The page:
This is an excellent book to read cover to cover or just
to dip into at anytime - we keep our copy in the bathroom!
Britannica is the oldest continuously published reference work in the English Language. It had its birth in Edinburgh, Scotland in the late 18th century (a period known as the Scottish Enlightenment), Colin MacFarquhar, a printer, and Andrew Bell, an engraver, decided to create an encyclopedia for the new era and formed a 'Society of Gentlemen' to publish the work. They hired William Smellie, a 28 year-old scholar, to edit it. Their aim was to create an encyclopedia that would be arranged alphabetically and "compiled upon a new plan in which the different Sciences and Arts are digested into distinct Treatises or Systems."
Just like the Oxford English Dictionary (which was begun sometime later in 1861), Britannica was originally published in 'fascicles' (installments) over a three-year period beginning in 1768. The first three-volume edition was completed in 1881 and sold out quickly.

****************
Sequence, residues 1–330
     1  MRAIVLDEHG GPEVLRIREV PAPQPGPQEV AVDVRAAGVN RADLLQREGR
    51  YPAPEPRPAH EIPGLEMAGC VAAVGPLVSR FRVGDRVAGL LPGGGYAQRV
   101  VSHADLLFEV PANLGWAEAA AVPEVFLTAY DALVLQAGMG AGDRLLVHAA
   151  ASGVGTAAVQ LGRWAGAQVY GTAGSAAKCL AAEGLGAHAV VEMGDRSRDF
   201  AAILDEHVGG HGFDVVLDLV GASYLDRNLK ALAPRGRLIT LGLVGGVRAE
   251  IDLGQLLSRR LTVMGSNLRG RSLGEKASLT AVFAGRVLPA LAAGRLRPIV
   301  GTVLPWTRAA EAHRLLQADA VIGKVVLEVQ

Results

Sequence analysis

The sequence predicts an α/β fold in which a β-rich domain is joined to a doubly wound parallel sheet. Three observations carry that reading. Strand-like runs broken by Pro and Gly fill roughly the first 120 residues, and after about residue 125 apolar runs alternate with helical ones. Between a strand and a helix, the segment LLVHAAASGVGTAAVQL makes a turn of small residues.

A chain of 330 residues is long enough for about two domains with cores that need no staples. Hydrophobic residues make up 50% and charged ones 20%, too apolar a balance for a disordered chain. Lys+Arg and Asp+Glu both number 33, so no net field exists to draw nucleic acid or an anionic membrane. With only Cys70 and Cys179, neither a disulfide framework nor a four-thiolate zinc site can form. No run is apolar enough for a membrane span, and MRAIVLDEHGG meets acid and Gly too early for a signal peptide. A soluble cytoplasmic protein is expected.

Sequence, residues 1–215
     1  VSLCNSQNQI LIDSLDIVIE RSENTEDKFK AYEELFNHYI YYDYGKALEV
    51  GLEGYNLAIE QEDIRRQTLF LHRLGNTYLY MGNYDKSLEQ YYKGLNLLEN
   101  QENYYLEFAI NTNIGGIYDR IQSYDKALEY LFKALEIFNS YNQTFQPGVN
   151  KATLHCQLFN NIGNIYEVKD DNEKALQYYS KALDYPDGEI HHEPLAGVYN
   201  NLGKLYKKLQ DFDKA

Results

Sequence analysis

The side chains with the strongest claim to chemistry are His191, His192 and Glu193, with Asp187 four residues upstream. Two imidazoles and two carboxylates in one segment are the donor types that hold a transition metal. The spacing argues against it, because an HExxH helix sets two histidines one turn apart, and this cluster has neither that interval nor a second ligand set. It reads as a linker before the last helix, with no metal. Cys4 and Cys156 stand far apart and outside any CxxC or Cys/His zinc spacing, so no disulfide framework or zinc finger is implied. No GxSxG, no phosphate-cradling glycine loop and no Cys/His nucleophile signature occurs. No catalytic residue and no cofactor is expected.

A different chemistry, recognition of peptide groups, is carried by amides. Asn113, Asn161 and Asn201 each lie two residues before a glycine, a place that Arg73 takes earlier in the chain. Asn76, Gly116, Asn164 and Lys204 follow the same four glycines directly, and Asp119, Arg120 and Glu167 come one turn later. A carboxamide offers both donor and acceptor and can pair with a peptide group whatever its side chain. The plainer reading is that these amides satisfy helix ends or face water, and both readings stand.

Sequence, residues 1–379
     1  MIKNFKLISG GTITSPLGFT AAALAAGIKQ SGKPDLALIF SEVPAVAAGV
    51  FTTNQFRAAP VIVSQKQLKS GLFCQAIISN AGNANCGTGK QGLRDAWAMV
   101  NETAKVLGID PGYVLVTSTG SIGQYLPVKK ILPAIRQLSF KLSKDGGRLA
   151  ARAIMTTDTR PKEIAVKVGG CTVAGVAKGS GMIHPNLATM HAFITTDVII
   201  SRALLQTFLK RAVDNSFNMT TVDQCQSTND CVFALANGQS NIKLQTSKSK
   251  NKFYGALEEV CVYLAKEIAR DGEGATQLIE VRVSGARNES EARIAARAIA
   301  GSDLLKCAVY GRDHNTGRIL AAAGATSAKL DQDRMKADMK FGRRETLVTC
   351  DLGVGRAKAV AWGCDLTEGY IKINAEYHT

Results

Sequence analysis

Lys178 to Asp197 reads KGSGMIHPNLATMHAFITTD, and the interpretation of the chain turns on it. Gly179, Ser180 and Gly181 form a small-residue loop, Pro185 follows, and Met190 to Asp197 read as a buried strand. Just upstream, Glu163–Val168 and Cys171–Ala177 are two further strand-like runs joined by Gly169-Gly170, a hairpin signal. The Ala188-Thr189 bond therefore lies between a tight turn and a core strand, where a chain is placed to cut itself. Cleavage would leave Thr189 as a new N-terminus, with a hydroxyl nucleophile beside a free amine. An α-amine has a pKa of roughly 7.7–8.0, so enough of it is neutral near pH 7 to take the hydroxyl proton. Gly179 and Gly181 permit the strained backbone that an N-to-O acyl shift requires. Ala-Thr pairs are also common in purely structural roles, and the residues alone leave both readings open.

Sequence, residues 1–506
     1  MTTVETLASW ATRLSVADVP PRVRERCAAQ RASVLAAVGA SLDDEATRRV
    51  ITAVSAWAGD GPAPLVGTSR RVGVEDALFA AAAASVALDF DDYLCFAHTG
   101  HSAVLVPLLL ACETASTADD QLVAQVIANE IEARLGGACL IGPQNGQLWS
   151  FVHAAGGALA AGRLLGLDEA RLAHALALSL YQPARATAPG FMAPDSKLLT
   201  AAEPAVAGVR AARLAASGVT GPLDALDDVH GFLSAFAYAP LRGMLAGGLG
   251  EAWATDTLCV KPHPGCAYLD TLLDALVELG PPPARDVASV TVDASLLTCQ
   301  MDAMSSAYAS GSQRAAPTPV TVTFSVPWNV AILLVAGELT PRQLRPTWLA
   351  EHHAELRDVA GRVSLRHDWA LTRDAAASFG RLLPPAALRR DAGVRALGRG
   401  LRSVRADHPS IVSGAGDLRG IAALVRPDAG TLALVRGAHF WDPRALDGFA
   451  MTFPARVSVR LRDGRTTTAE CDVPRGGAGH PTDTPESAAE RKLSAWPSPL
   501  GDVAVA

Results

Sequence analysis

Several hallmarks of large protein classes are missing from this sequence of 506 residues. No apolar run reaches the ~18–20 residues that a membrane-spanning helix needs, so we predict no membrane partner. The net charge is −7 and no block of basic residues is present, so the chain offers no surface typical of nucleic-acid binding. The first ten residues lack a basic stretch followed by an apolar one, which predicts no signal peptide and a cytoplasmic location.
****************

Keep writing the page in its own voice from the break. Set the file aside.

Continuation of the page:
The second edition boasted 10 volumes and was published and distributed between 1777 and 1784. The third edition was completed in 1797 and was the first to include articles by outside contributors. By 1809, when the fourth edition was published, it had expanded to 20 volumes.
The first copies available in the USA were from a pirated edition printed in Philadelphia in 1790 by Thomas Dobson. George Washington, Thomas Jefferson and Alexander Hamilton were all proud owners.
A.J. Jacobs' latest project is to spend 365 days following the rules of the Bible as closely as he can. The Year of Living Biblically: One Man's Humble Quest to Obey The Bible as Literally as Possible is due to be published by Simon & Schuster in 2007, and movie rights have already been optioned by Paramount. The director of Men In Black, Barry Sonnenfeld, has an option on The Know-It-All.
This review is from the October 19, 2005 issue of BookBrowse Recommends. Click here to go to this issue.
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